Atmosphere:Diner decor straight out of a past era.

Price range: Also from another era. Entire meals range in price from $2.85 to $5.75.

Hours: Service around the clock.

Special facilities: Parking is available. Wheelchairs might have problems with steps.

Reservations: Unnecessary.

Credit cards: All major credit cards accepted.

Since Bob's Diner advertises itself as the "original family restaurant," we were curious. Just what would the prototype of all those restaurants we've been writing about be exactly? Well, folks, it's just like the places my parents used to take me back in South Carolina during the 1950s. Plain cookin' (most of it pretty good), no frills, cheap - and plenty of country music on the jukebox.

And to make it all worthwhile, Bob's is a real diner, sitting in chromely splendor on Route 50, just west of Fairfax Circle. Oh yes, there have neen additions to Bob's since it opened 22 years ago. Bricks appendages just out here and there, but the silver nucleus is unspoiled. Inside, there are Formica boothes, and a long counter with the inevitable pies displayed in glass paneled cases. (More about those pies later.)

We visited Bob's one Sunday evening, slid into a booth and began studying the menu, while our 6-year-old perused the jukebox selections, available at each table in one of those individual jukebox terminals.

Bob's specializs in simple food: sugar-cured ham, 2.65, baked chicken, $3.45, meat loaf, $2.85, fried shrimp, $3.65, and roast prime rib at $5.75, plus other items too numerous to mention.There's also a children's mennu, featuring spaghetti, hamburger, roast beef or turkey. Children's dinners run from $1.95 to $2.75 and include milk and dessert.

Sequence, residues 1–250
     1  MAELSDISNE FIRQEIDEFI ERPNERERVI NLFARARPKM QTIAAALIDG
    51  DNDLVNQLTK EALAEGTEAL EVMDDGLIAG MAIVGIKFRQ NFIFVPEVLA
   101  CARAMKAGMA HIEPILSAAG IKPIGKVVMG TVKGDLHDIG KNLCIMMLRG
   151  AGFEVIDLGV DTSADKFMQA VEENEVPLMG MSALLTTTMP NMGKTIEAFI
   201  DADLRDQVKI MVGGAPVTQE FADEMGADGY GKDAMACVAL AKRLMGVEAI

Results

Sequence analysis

Our 3-year-old settled on the "Davy Crockett," a hamburger dinner from the children's menu. The older boy ignored the children's fare and ordered the butterfly shrimp which arrived all hot and crisp, nestled in a paper napkin-lined plastic basket. The shrimp, atleast those I could steal, were sweet and very tasty. My roast beef as just was tasty, too, but my husband's halibut steak, $3.65, was dry and overcooked. The vegetables were the meal's real disappointment. Our baked potatoes had been around for awhile, and the peas were overly salted and far from fresh.

However, the hot, feathery, homemade rolls more than made up for the inadequacies of the vegetables. And we really hit the jackpot with dessert.

Before we ordered, we asked if any of the pies were homemade.

"They all are," replied the waitress.

Well then, said we, we'll try the coconut cream pie and the cherry cobbler.

The coconut was good - creamy, rich and full of coconut. But the cobbler was great - not too sweet witha a faintly winey taste.

We gobbled it all up to the strains of "Teddy Bear," our son's jukebox selection, and asked for the bill, a very reasonable $20 without tip.

Bob's Diner also has a fancier part - a brick addition called Bob's Beef House. It's a wee bit pricier and fancier. But basically, the menu is the same.